I've been thinking a lot about healthcare in the US lately. People's personal accounts of their (and their loved ones) experiences with it, the attempt at establishing a government-run universal healthcare scheme, the chaos and compromises that ensued and the pushback by right-wing politicians, talking heads and astroturf movements (financed by the health insurance lobbyists) gave me a lot of food for thought.
I lived in Brazil until 1976, when dissatisfaction with Brazilian politics and curiosity took me to England. In one country those who had money simply paid their medical bills and those who didn't died in the queue waiting for free treatment. In the other, I walked into a doctor's office, registered and was immediately put into a system where the only money involved was for heavily subsidised prescriptions (ten pence for a prescription at the time). I had access to specialists, tests and any necessary treatment just for the asking. I think the system in the UK is a bit too universal, so I'm not surprised there are problems financing it. New technology and expensive new drugs also contribute to the NHS's financial woes, of course.
France and other European countries make checks on elligibility, which I think is fair enough.
In Europe, healthcare is seen as a service, patient-centered. It keeps people healthy and productive. If these socialized services were removed and replaced with the American model, bankruptcies, deaths and total chaos would ensue.
In the US, healthcare (and just about everything else) is a business. The patient is purely a little cog in a money making machine. The insurance companies rule and make the most money, through shoddily insuring patients. They move the goalposts with alarming frequency, denying care at the drop of a hat. The health of the patient is incidental to their profits. They also insure the providers of healthcare against malpractice lawsuits. If a doctor makes a mistake, premiums skyrocket. So doctors submit their patients to all kinds of imaginable tests, just in case.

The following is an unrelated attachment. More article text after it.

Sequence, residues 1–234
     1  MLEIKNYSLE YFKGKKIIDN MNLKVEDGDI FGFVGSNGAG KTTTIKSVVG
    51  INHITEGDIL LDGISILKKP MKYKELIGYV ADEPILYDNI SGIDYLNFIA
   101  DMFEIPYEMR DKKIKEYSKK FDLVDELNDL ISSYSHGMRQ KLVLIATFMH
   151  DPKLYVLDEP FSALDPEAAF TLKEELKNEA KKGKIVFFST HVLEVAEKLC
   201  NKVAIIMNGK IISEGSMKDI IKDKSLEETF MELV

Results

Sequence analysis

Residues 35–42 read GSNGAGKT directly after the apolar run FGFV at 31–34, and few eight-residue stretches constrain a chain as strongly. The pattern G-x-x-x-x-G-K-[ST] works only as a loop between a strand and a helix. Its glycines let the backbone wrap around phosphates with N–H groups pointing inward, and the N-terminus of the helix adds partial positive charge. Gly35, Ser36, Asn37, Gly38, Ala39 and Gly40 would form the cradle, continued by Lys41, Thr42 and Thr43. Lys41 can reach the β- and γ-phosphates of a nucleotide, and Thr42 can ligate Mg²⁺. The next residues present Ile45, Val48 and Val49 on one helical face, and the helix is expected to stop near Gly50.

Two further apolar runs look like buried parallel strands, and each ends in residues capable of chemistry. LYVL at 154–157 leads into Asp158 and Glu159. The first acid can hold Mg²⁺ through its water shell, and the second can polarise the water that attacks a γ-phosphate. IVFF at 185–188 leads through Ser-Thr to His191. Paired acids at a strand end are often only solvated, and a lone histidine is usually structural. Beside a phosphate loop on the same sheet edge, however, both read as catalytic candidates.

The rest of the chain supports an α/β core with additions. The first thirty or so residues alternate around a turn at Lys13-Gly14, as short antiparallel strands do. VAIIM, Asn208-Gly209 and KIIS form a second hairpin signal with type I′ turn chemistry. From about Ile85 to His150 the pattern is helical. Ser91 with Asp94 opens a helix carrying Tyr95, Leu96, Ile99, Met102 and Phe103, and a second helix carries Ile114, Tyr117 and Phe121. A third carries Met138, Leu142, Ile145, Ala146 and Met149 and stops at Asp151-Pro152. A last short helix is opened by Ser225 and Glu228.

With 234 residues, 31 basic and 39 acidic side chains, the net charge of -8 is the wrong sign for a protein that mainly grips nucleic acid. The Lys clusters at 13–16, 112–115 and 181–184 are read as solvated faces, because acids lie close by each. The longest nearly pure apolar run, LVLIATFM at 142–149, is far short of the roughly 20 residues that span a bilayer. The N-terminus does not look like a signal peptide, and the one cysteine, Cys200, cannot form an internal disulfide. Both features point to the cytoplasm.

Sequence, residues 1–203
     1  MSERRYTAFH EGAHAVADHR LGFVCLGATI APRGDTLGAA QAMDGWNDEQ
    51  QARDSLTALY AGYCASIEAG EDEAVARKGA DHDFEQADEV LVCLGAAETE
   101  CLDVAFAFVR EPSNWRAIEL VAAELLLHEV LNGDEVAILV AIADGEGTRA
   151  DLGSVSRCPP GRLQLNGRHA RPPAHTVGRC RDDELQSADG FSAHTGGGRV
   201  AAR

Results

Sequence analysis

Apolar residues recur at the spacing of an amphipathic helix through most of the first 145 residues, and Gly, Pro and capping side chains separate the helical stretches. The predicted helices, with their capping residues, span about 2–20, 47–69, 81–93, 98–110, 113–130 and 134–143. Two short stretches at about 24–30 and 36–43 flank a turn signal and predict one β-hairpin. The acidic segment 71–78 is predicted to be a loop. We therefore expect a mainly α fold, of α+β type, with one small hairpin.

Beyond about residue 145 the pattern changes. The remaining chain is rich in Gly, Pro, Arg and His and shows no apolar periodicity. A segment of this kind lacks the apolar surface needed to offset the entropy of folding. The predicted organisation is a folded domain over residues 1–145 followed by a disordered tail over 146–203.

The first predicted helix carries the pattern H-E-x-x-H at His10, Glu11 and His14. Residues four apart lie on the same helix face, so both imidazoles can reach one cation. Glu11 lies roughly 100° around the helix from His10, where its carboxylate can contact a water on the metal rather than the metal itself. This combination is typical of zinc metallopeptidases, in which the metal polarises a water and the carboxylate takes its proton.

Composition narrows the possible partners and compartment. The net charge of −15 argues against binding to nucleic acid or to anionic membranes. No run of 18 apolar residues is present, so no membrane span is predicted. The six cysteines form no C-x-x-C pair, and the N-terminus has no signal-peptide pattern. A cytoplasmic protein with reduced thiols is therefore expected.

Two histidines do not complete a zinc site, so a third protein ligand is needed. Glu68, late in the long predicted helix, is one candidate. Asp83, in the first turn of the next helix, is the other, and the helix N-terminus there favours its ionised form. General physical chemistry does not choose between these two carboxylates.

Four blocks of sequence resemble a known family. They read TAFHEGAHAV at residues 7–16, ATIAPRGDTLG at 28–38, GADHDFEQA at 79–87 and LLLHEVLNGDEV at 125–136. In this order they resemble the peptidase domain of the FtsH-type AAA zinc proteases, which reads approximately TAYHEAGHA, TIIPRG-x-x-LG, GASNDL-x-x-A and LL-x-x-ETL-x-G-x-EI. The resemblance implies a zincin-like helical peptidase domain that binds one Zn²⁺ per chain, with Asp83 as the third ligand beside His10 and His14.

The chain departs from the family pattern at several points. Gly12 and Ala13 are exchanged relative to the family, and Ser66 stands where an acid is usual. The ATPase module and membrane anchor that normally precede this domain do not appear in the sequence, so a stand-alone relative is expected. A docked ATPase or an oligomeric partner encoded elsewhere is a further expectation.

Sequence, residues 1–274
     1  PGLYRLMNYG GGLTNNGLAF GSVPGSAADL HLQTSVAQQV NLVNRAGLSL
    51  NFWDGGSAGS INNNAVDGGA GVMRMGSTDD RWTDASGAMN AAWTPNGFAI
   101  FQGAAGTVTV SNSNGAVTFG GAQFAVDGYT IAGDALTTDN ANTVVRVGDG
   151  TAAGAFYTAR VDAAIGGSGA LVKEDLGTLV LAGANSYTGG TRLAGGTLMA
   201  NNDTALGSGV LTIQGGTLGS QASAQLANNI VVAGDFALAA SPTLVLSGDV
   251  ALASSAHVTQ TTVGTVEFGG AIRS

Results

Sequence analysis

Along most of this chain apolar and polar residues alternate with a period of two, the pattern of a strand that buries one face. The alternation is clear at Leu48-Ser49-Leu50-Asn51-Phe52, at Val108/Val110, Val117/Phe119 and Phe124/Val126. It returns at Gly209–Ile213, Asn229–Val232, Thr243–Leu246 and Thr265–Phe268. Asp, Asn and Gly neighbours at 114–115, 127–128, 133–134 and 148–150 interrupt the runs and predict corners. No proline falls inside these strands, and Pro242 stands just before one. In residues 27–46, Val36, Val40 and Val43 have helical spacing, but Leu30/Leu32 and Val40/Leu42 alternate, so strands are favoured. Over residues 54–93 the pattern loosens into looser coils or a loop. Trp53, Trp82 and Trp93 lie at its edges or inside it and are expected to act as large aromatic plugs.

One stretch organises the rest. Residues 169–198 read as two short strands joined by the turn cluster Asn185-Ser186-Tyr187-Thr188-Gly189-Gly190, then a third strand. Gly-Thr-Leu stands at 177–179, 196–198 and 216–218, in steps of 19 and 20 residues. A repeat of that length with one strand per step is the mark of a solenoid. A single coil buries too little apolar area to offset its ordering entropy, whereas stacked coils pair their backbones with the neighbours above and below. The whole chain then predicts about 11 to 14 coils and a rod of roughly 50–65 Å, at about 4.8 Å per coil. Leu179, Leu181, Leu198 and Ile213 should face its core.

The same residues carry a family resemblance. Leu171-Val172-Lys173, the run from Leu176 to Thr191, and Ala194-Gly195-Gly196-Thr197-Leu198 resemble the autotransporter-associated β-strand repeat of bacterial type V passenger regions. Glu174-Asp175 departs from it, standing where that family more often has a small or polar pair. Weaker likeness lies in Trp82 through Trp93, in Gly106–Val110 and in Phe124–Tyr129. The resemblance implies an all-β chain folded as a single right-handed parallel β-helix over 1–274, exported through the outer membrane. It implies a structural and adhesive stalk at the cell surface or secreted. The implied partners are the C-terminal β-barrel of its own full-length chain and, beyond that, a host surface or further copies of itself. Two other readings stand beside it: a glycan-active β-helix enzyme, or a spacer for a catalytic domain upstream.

The cost of healthcare in the US is staggering compared to Europe. I googled the price of MRIs in various countries. The difference took my breath away. In 2000 I had MRIs of my cervical spine with and without contrast, and of my brain. The cost was £800 (approx US$1,300) and the price has dropped since then, to a mere $750. The cost of same MRIs would range between $5,000 and $7,000 in the US. Are the machines gold plated in America? Do they play soothing classical music provided by a live orchestra? Does the radiographer cook you a meal and does your laundry, complete with ironing? Do the technicians walk and groom your dogs for a month? In Japan the same thing would cost around $200. Go figure.
Somebody is making a lot of money in the healthcare business in the US. There seems to be a lot of waste in the way resources are used and it doesn't necessarily mean the patients are better off for all the tests and exams they have to endure. They may have the illusion of excellent care, because not an inch of their bodies is left out of exhaustive tests and procedures.